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  3. It is interesting to read Romans 11:11-32 along with the Fig Tree Parable. When reading just the parable I would have to say that it was a warning to Israel, that if they do not turn the ship around and start bearing fruit again that they would be curse and wouldn’t be able to bear fruit for God. Then jumping ahead to when Paul talks about it in Romans 11, especially in verse 30 it says, “Just as you who were at one time disobedient to God have now received mercy as a result of their disobedience” It does seem like back when Jesus cursed the fig tree that Israel was actually cursed, but because God is so merciful that Israel were able to be back in God’s good graciousness. So understanding that even though Israel was cursed, but then was able to get back into God’s good side, we could see that Israel in today’s world could still get a warning from Jesus to start bearing fruit again and still be God’s choice.

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  4. Wow, great read professor Long. To be honest it was hard for me to understand the story of the fig tree in the Bible and what Jesus may have been trying to teach us through it. This post gave great insight and feet to the background of this teaching. It was also interesting to read Romans 11:11-32 along with it. The first few verses struck me in relation to the question that asked was Jesus done with the fig tree/Israel at His proclamation of it bearing not fruit? In verse 11 it says, “Did they stumble so as to fall beyond recovery? Of course not!” When putting these references together we build a greater understanding that no, God was not condemning it/them to bear no fruit forever, but God is full of mercy (Ephesians 2:4-5). And through that mercy He enabled the gospel to come through the gentiles! It all comes together; as gentiles we are grafted within (Romans 11:17-21)!

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  5. Reading the Mark 11:12-24 I don’t see a mention of Israel. So, my question is, are we allegorizing this if there is no actual mention of Israel? Why are we comparing the fig tree with Israel? Does reading it with the Romans passage talking about olive shoots make sense? I’m not sure about any of these questions but if these two passages do represent Israel they tell us a lot about the nation. The Romans passage gives a lot of interesting thoughts but I’m not sure how it fits with the fig tree. Is this actually a parable to because it’s actually happening and isn’t a story or does it combine with Mark 13:28 where Jesus actually says something about the parable of the fig?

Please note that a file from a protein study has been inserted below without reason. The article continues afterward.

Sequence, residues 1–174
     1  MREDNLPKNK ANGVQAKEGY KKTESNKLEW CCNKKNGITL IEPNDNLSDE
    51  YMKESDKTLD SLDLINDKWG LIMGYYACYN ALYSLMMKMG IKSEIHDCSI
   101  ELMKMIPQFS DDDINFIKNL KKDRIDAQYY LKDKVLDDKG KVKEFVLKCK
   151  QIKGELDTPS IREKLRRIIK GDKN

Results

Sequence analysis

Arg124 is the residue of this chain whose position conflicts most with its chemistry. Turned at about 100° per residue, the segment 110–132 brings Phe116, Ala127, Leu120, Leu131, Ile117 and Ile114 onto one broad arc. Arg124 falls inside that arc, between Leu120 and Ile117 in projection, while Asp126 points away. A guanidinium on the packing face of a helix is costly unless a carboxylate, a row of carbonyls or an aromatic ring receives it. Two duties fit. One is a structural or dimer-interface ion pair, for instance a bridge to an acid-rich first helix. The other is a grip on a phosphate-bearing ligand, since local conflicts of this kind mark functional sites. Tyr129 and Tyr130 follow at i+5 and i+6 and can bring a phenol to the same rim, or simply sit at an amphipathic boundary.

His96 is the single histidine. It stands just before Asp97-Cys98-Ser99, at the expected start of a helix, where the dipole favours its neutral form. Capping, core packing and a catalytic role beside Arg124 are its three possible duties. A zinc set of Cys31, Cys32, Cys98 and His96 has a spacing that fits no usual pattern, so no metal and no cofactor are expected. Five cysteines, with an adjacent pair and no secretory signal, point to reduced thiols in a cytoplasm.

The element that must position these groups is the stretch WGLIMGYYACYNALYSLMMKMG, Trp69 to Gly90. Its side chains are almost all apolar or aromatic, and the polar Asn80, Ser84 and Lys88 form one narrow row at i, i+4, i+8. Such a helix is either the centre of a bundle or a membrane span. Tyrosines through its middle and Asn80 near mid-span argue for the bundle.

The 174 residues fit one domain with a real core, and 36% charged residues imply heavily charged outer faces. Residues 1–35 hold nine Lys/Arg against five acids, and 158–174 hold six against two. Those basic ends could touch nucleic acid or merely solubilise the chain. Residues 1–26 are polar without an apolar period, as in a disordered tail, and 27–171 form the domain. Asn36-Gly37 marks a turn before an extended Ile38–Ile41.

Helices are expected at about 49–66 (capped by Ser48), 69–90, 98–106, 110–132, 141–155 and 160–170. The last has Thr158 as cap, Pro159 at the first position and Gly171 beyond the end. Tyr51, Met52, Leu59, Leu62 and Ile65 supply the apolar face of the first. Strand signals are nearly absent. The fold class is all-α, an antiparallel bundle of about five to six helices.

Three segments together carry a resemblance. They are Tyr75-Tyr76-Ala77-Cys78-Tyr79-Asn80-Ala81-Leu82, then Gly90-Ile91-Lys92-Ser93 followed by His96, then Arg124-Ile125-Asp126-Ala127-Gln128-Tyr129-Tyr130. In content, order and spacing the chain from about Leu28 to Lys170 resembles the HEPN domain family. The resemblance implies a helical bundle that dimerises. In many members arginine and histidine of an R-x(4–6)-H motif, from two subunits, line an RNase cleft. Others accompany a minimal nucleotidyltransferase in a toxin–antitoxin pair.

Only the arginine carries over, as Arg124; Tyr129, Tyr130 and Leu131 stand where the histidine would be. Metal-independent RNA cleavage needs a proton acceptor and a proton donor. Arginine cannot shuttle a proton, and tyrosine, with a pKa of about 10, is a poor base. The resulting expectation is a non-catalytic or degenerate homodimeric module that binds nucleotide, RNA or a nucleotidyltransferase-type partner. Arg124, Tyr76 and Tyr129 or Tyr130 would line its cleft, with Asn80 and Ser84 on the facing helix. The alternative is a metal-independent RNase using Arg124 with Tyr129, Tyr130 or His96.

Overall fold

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  6. Does anyone really believe that when Jesus cursed this specific fig tree, he meant for it to be a curse on all fig trees?

    Come on people, seriously?!

    I grow hundreds of fig trees, and they are like people, two exact varieties can be planted right next to each other, you will pamper and treat them exactly the same, water/fertilize them together, prune them and watch them grow. Yet, when they reach the 3rd, 4th or 5th year, you will notice that the one bears fruit in abundance and the other is mereley covered in leaves. Is this what also happens to people? One bears lots of fruit, the other none (or very few), some just die without even producing leaves. What went wrong?

    Figs formed a major part of peoples diets back then and I believe that Jesus went on eating figs (fresh and dried) untill he was crucified, resurected and now sitting at the right hand of God.

    No, this parabel showed us what we ( made in the image of the Almighty God) can do, if we do not doubt but have faith as small as a mustard seed.

    Figs are beautiful, tasty and very healthy – just the way God intended it when He made it.

    Go and buy a tree or two today – set the fig tree free!

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  7. some scholar !… the passage does NOT say that it was the season for figs and Jesus looking for them there and response cannot be therefore extrapolated in the way this has been done… sloppy hermeneutics with crappy connections made … mark 11: 13b “But when he came to it, he found only leaves, because it was not the right time for figs”

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    • We you seem to be a mean-spirited person! Re-read that original post: even if it is not the time for figs to be ripe, a tree in mid-April may have some early fruit. The analogy works even better since since at best Israel was producing bitter, unripe fruit.

      I am not sloppy or crappy at all.